converting from basic disc to dynamic

we have a file server and a mailserver that are using one single HardDrive each.
The file-server contains data and is running DFS, the Mailserver is only runing Exchange and Blackberry Enterprise.

we would like to convert the current disk on each server from basic to dynamic and then conifgure disk mirroring to prevent a disaster.
what are the steps that i need to follow?
is there any risk to losing data during the conversion?
will DFS function the same?

thanks
winperezAsked:
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gambit_642Commented:
http://www.lockergnome.com/windows/2006/10/06/convert-to-a-dynamic-disk-in-windows-server-2003/
DFS won't care.

Mirroring is also done in the Disk Management console,  simply by right clicking the Primary drive and selecting "Add mirror".  All members of the raid must be converted to dynamic disk.
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garrtechCommented:
Not recommended.  Purchase a SCSI or SATA RAID controller to do your Mirroring. Better to get the hardware to control such actions - more efficient and more reliable.

*Always backup data before you do anything like this!

I'm pretty sure you'll have to add a second hard drive to your server to do so.  I don't think this is possible with using a DFS.  I could be wrong.  

To do this locally:
Converting Basic to Dynamic is easy:
R. click My Computer
select Manage
select Disk Management
R. Click the disk you want to convert and select Convert to Dynamic Disk.
   NOTE:  Once you convert to Dynamic, you can't go back to Basic.  To do so without losing data, you must delete the partition and re-create as BASIC disk.

Once you've converted at least 2 drives to Dynamic, R. Click one of the drives and select either a) Extend Volume or b) Add Mirror.  

Great Article: http://support.microsoft.com/kb/314343

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garrtechCommented:
Looks like gambit_642 says the DFS shouldn't make a difference.
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winperezAuthor Commented:
thanks
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scrathcyboyCommented:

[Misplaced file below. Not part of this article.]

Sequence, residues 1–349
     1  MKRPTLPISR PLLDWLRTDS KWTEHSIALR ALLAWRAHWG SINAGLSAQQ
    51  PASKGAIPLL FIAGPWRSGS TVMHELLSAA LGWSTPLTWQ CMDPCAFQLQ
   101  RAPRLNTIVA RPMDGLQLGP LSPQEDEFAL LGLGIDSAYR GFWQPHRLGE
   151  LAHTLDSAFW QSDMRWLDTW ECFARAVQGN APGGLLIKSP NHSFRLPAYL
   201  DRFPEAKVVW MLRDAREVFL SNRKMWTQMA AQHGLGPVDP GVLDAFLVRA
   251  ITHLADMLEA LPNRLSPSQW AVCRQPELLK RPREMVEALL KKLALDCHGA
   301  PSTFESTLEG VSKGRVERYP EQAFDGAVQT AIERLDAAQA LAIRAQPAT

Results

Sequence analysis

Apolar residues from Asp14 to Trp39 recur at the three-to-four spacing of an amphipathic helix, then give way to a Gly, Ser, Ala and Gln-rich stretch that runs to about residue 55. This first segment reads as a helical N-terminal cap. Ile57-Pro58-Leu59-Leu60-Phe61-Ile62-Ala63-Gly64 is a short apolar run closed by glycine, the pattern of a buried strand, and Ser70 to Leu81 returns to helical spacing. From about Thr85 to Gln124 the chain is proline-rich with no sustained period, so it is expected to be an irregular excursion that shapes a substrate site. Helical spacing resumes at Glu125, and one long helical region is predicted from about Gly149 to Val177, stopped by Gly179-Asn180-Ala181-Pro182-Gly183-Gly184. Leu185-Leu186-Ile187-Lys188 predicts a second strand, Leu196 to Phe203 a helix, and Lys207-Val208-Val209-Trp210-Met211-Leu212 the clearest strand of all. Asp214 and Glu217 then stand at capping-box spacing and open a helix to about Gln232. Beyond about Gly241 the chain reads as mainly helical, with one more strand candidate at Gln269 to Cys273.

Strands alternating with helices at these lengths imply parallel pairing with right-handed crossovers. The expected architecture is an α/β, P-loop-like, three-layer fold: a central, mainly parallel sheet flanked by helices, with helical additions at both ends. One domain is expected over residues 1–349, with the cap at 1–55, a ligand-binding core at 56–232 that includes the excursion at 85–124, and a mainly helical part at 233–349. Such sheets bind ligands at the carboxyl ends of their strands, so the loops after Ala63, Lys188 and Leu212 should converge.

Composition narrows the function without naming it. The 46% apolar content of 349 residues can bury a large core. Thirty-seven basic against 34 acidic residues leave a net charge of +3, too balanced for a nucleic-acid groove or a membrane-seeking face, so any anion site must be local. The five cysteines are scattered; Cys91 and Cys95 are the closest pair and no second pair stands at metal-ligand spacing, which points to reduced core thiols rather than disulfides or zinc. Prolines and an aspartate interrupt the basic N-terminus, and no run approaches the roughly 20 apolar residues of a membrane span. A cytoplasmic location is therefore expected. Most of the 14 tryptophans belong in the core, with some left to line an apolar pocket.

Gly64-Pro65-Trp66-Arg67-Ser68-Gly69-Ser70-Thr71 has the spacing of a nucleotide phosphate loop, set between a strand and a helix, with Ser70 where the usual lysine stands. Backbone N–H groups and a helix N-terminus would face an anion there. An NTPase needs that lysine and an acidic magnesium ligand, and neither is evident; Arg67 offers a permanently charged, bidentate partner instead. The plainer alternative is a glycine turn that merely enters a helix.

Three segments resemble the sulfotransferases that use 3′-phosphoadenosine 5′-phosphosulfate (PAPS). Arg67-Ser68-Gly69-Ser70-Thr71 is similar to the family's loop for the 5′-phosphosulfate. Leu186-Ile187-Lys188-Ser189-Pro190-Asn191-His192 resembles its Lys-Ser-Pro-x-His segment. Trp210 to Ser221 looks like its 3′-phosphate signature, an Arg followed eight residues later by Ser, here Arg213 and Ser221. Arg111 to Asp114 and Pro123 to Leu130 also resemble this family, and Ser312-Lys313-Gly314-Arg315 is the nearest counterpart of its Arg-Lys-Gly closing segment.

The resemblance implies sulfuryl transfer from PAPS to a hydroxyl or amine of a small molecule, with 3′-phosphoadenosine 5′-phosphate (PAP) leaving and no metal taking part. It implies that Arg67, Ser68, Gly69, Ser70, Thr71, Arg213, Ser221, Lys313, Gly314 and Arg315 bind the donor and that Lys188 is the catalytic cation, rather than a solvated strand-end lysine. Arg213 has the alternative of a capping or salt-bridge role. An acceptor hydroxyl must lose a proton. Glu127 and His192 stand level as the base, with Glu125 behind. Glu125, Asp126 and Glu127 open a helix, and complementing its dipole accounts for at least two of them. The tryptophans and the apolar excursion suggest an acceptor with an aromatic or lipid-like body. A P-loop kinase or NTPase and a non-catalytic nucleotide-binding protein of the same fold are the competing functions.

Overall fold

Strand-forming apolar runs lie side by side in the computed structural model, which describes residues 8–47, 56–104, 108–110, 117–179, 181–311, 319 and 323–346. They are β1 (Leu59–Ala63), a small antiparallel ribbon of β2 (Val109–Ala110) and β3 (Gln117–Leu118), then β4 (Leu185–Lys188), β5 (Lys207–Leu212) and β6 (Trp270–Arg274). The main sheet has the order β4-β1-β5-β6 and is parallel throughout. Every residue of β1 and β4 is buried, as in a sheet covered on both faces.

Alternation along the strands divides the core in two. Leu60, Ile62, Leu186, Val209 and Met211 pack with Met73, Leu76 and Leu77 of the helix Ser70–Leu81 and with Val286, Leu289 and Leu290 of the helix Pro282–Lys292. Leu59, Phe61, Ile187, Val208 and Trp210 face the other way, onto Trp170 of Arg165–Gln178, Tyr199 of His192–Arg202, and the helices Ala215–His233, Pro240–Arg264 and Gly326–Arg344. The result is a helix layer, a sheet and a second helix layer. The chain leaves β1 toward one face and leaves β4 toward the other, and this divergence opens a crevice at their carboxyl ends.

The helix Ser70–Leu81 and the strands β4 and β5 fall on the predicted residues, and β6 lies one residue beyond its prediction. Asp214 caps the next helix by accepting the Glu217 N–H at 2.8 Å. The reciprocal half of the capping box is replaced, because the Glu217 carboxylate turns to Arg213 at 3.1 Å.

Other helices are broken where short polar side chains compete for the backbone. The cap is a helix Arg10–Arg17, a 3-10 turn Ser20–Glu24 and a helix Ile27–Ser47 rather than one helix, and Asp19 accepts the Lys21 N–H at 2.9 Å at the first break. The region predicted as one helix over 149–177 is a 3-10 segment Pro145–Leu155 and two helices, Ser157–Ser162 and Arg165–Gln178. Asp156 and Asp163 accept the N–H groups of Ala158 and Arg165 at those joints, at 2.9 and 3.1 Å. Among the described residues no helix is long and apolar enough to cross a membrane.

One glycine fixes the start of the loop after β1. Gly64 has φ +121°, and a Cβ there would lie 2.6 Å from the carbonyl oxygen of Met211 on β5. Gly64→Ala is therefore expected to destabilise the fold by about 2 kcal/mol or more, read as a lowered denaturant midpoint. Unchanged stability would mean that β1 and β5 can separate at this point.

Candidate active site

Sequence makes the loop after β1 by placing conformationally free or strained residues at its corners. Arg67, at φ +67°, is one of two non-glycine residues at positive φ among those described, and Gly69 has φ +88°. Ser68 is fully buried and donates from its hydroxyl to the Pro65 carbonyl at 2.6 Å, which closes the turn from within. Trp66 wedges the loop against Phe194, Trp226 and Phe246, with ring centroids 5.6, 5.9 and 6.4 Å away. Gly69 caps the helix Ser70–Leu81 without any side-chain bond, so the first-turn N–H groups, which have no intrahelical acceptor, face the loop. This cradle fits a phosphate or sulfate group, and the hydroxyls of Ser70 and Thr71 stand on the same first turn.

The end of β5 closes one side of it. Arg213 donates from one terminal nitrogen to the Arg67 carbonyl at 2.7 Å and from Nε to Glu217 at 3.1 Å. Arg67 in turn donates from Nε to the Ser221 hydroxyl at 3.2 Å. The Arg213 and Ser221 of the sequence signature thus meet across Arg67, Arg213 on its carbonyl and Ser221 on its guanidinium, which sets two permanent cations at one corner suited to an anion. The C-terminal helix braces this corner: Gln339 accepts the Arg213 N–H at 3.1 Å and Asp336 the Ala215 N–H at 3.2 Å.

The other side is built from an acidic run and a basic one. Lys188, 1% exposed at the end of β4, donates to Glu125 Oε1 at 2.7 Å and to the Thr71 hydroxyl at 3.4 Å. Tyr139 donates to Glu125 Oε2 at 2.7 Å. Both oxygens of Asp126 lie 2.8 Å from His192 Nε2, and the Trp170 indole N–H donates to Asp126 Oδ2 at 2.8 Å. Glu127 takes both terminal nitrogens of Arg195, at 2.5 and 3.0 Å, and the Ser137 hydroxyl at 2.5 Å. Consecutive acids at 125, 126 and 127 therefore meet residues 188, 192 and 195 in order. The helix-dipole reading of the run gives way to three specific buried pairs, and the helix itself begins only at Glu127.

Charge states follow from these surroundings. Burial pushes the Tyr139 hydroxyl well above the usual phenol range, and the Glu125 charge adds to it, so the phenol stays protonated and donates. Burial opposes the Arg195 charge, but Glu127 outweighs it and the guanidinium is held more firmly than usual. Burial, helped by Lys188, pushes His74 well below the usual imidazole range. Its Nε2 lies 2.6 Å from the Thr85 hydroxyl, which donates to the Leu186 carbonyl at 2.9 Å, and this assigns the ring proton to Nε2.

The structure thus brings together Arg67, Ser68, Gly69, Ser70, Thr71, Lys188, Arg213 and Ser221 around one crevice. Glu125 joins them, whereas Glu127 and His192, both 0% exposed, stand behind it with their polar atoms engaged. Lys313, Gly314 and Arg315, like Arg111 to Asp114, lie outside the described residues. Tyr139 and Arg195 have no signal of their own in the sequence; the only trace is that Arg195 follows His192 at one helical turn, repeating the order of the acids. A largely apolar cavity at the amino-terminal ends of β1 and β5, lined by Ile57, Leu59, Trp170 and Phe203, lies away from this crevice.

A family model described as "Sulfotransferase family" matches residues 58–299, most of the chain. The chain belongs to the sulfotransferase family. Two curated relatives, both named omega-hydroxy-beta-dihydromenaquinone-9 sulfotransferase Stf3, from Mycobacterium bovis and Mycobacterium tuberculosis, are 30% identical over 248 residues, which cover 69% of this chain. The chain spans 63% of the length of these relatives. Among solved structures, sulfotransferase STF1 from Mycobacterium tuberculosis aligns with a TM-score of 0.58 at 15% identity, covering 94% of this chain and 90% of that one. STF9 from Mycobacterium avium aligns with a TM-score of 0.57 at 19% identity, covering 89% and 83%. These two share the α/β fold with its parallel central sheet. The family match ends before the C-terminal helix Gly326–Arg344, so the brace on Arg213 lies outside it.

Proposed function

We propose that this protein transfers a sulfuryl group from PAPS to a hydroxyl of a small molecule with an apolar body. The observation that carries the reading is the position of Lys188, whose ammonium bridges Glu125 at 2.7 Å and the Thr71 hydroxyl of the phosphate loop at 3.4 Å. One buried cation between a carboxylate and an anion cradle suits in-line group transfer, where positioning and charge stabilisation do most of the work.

converting good reliable drives to an unreliable software compression (that is all MS dynamic drive is, and it is extremely unreliable) is probably the WORST thing you can do for your systems).  This dynamic mantra of M$ gives the illusion of "mirroring" but it is a false promise.  If any of the software compression goes bad because of a single sector error, you will lose everything -- and once made compressed (aka "dynamic) you cannot get out of it, which means you can never recover your data in the event of a failure.  It will slow your systems down about 50% trying to deal with the overhead, and you could lose all at any minute.

If you really want raid, buy a RAID controller or a MB with RAID on it, as said above, don't kid yourself with this M$ deception, it is truly a disaster waiting to happen.  If you get hardware raid, make sure to use RAID 1 as raid 0 is also prone to losing everything in the event of a disk sector error.
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gambit_642Commented:
I agree with scrathcyboy that your should go hardware raid, but his reasons seem a little exaggerated.

I have had instances where both mirror members where not bootable after an HD failure, but once you determine the good drive, you can usually get it working after a chkdsk.

Performance is the key reason for hardware raid, but on decent machines, latency is only noticeable when the mirror needs to be re-synced.
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scrathcyboyCommented:
"but his reasons seem a little exaggerated"

no just different experience.  I see horror stories all the time about MS dynamic disks.  When people don't know what it is / does / doesn't do, they are in greatest danger of "catastrophic loss" for them.
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garrtechCommented:
I am in the process of installing a new RAID 5 setup using a new Adaptec Controller.  The admin that was here before me used the SW RAID through windows to setup a RAID 5 using 4 SCSI drives, meanwhile he had installed the OS on a separate IDE drive - no good for a server environment!    

In my case, i'm pretty sure... should windows stop working that i would lose all the data stored within... that's like 340GB of drawings and cu info!

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scrathcyboyCommented:
Gartech -- for goodness sake, get yourself an IDE drive and back up all this crucial info of yours to IDE.  When all else fails, including hardware raids, at least you have a bootable backup, you can always depend on IDE.  Make a system - data copy onto the IDE, and put it away for safe keeping.  It is worth the $100 to do it now!!
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garrtechCommented:
Oh man... it's already been done! It was the first thing I did when I realized the setup on this server!
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winperezAuthor Commented:
340 pts
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